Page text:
Genes have also been found to loop out of their chromosomal territories upon transcriptional activation (reviewed in Fraser and Bickmore, 2007). In mouse erythroid progenitor cells a set of actively transcribed genes were found to loop out into transcription factories (Osborne et al., 2004). Genes that were either distally located on the same chromosome or on different chromosomes were sometimes found to share the same factory (Osborne et al., 2007).
Distinct antigen specificity in B and T cells is attained via monoallelic rearrangements (reviewed in Spicuglia et al., 2006). Long-range chromosomal interactions between regions that are 2–3 Mb apart have been implicated in facilitating chromosomal recombination (reviewed in Spicuglia et al., 2006). Association of the variable (V) genes of the immunoglobulin loci with the diversity-joining constant [(D)JC] gene domain can occur via looping that aids in the recombination process (reviewed in Spicuglia et al., 2006). A similar mechanism facilitating recombination between T cell receptor β and T cell receptor α has been observed in thymocytes (Skok et al., 2007). Interestingly, once the recombination event has occurred the association between the two loci is no longer observed in the subsequent developmental stages (Skok et al., 2007). It is hypothesized that an interaction between the loci is prevented by the sequestration of one of the alleles to a pericentric heterochromatin compartment (Skok et al., 2007).
Not only has movement of genetic loci been observed with respect to their chromosome territory, the nuclear periphery, or a nuclear body, but specific interactions have also been observed between loci present on different chromosomes. Using the chromosome conformation capture (3C) technique, interchromosomal interactions between the regulatory regions of the TH2 cytokine locus and the promoter of the IFNγ gene have been observed in naive T cells but not in differentiated effector cells (Spilianakis et al., 2005). Abrogation of the interchromatin interaction between the IFNγ gene and the TH2 LCR was accompanied by significant changes but not complete termination of transcription. This suggests that interchromatin interactions are not the sole determinant of gene expression. Instead, such interactions may act by increasing the efficiency of transcription. In addition, fluorescence in situ hybridization (FISH) analysis for the IFNγ gene and the TH2 LCR showed that interactions occurred for only one of the two alleles in about 40% of the cells tested, and associations between both alleles were never observed above background (Spilianakis et al., 2005). It would be interesting to determine whether the two alleles in the same nucleus have different transcriptional profiles based on their association with the TH2 LCR, and if there is a difference in the transcriptional status of the IFNγ gene in cells in which no interchromatin associations are observed.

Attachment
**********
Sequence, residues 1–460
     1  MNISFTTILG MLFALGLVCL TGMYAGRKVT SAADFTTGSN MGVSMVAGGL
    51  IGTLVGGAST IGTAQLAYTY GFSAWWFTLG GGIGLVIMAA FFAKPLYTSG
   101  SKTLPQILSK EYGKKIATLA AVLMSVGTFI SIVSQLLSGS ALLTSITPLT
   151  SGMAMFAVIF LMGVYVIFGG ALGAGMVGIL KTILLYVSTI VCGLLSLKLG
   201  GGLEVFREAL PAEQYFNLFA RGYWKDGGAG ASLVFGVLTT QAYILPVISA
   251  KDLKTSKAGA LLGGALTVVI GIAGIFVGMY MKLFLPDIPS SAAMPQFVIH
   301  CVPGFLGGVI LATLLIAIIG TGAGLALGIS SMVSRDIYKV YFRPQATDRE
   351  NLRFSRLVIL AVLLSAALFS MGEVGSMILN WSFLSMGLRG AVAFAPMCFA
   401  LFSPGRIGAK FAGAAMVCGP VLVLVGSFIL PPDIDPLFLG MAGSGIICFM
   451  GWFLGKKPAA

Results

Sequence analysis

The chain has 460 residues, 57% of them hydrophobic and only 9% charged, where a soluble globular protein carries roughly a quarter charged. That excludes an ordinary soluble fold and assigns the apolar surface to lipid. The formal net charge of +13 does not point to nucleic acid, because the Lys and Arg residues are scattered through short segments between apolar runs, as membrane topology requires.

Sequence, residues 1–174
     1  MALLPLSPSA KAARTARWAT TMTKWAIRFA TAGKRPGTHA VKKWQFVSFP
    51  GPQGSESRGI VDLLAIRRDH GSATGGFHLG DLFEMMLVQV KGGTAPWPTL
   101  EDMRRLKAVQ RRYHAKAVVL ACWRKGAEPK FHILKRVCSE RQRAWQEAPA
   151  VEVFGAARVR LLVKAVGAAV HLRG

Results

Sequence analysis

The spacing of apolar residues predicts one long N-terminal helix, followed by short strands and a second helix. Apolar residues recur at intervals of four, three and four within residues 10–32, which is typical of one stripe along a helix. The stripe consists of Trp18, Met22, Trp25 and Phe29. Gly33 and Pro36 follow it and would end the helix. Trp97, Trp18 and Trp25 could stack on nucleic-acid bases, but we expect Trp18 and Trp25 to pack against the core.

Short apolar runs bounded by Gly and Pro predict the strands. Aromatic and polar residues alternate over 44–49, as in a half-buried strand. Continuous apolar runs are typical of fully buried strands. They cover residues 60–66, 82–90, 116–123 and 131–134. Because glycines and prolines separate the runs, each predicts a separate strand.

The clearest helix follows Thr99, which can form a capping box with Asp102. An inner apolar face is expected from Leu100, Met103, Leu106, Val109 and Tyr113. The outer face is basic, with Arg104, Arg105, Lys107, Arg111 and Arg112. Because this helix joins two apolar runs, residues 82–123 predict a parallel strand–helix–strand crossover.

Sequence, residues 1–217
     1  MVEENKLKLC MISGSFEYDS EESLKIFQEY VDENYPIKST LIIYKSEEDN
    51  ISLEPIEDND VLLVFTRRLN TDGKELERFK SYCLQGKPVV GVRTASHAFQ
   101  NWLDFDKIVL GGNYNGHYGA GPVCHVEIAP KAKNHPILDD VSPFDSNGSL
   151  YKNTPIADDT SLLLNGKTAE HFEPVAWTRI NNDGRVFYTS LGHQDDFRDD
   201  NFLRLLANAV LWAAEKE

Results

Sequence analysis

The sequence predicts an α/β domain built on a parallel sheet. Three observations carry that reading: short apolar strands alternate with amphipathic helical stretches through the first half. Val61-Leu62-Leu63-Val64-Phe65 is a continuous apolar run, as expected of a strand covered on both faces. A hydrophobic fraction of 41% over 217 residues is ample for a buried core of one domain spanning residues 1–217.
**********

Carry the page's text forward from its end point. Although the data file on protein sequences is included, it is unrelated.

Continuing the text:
An interesting example of long-distance chromatin interactions has been identified in regard to the regulation of olfactory receptor genes. Thirteen hundred genes comprise the olfactory receptor family and only one olfactory receptor is expressed in a particular neuron; expression is monoallelic (reviewed in Shykind, 2005). It has been suggested that the choice of the specific olfactory receptor gene to be expressed in a given neuron is mediated by interactions between the gene and an enhancer sequence referred to as the H element. The H element was discovered as a cis-acting regulatory sequence ~75 kb upstream of a cluster of olfactory receptor genes (Serizawa et al., 2003). More recently, it was demonstrated that the H element on chromosome 14 can also associate with promoters of olfactory receptor genes present on different chromosomes (Lomvardas et al., 2006). Dual RNA and DNA FISH revealed that the transcriptionally active olfactory receptor gene was associated with the H element, implicating this element in the choice of which gene is activated in trans in a given neuron (Lomvardas et al., 2006). In a related study, deletion of the H element by gene targeting in mice resulted in the loss of expression of members of an olfactory receptor gene cluster as a function of distance (Fuss et al., 2007). Interestingly, in marked contrast to the previous study (Lomvardas et al., 2006), no effect was observed on the transcription of olfactory receptor genes located on different chromosomes (Fuss et al., 2007). Therefore, further analysis is necessary to integrate the findings of these two intriguing studies.